Why Benidorm doesn’t need Guardian journalists

DSCN2927Benidorm has applied for status as a UNESCO World Heritage Site.

The news was reported today in the Benidorm edition of Información alongside the ironically timed coincidental death of José Miguel Iribas, one of the most powerful voices for promoting the mass tourism model in the resort, who died of cancer aged 65: requiescat in pace.


Benidorm’s application for World Heritage site status will take from three to five years and will involve evaluation of the resort’s cultural contributions and its qualities as an example of a settlement that developed in a particularly unique planned high-rise urban scheme.  Its ecological and environmental contributions will be assessed as well as its place in history.

As a teacher in a local school, involved in continuous research into various aspects of Benidorm’s geography, history and culture, I can instantly see how Benidorm stands a very obvious chance of qualifying for World Heritage status. If you have read the history, and if you are aware of the local culture and the extraordinary connections in Mediterranean antiquity, the idea of Benidorm applying for World Heritage status is not very far fetched: it is simply a continuation of developmental ambitions begun with an outward international maritime world view going back centuries!

And yet the ignorant British flagship of modern sneering liberalism, The Guardian, had this to say in its dismissive superficial story about Benidorm’s application: “As it grew from a sleepy fishing village of 3,000 people in the 1960s to a destination of more than 300 skyscrapers…”  etc, etc, ad nauseum.

Wake up, Ashifa Kassam – the Guardian’s reporter in Madrid – because you just fell into the same trap that the C minus grade GCSE Geography students fall into in their Benidorm tourism case studies: “a sleepy fishing village suddinly beacame a tourism place beacuse of package tours beacuse my grandad said he went there in 1963 on a propelling plane.”  No, Ashifa Kassam, there was no sleepy fishing village: there was a town with long-standing international maritime connections, a vibrant political and cultural life, and an economy that ensured street lighting was installed in 1832, long before many parts of England.

And the Guardian then compounds its ignorance – its total ignorance – of Benidorm with another factually incorrect slur on the resort in an article about two French oceanography “researchers” who don’t seem to have done very much research at all.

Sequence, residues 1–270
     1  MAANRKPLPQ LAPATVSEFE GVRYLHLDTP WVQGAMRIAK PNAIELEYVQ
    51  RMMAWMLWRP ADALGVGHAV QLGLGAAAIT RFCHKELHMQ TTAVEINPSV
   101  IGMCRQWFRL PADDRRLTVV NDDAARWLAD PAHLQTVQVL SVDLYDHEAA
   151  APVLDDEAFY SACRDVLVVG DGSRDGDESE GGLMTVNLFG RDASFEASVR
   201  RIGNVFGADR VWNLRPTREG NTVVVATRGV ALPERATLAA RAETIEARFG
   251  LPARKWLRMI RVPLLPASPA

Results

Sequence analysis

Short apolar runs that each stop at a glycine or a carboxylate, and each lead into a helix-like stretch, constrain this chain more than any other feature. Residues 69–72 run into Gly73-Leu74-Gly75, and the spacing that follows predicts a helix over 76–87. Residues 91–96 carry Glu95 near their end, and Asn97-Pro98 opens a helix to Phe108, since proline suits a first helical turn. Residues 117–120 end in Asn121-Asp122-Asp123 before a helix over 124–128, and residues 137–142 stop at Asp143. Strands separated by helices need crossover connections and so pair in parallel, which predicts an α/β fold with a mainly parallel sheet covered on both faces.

“Take Benidorm, where in 1950 just 2,700 residents lived in a sleepy village,” writes the Guardian’s Stephen Starr. He is not much of a star, as he still thinks Benidorm was a sleepy village until it “saw its income fall in the 1950s with the closure of its tuna market. Locals turned to tourism.”

Well, no actually, Mr Starr. They turned to tourism in the mid-19th century, consolidated it in the 20s and 30s, then became involved in urban planning in the 1950s. See the stages properly developed, and don’t keep repeating the primitive C-grade Geography case study. We don’t read newspapers to be misinformed.  Here’s your homework, lad: some of the things you might have missed. There are many more.



Sylvia Plath, 1956 sketch of Benidorm

Sylvia Plath, 1956 sketch of Benidorm


About Gareth Thomas

After a mixed career as an aircraft technician, London fringe theatre playwright, Franciscan friar, and secondary school teacher, I find myself looking after the needs of four donkeys in a remote location in the mountains in the Costa Blanca. I like to listen to BBC Radio 4 and the wind in the pine trees. I am writing a comedy about a school in Benidorm. My favourite film of all time is "Jean de Florette". If I had my time again I would not have spent the early 1970s working for Special Branch.
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3 Responses to Why Benidorm doesn’t need Guardian journalists

  1. Jack Hughes says:

    I offer the Rabit a carrot do I get an A* in my geography report?

    Seriously though the ignorance is astounding, I spent a week in Jalance (which I believe isn’t too far a drive from you) last February and I was blown over by the beauty of the Spanish countryside, the food, the little Church which was packed for the Fiesta (San Blas), the Cloppias (I hope I’ve spelt it correctly) in the morning and the procession up to the Church for the Saint’s feast (all the women in traditional Valencian dress), the young queen, the elder queen, the history of the place and the friendliness of everyone I met. Yet if the British press ever bothered to notice it, all they would note is the nuclear power plant in the next valley.

    I can see why the Rabit moved to Spain


  2. Frere Rabit says:

    The history and culture of this region is indeed very interesting, and as you say the countryside is beautiful. The environmental concerns that were central to urban development will be one of the things that the Benidorm heritage application will major on.

  3. orthodoxgirl99 says:

    I am astonished that national press journalists are so badly informed…or am I just being naïve here? This of course adds weight to the old saying “don’t believe everything (or should that be anything) you read in the newspapers”. Foolish on their part – they could have written a far more interesting article. Now they look like pillocks.

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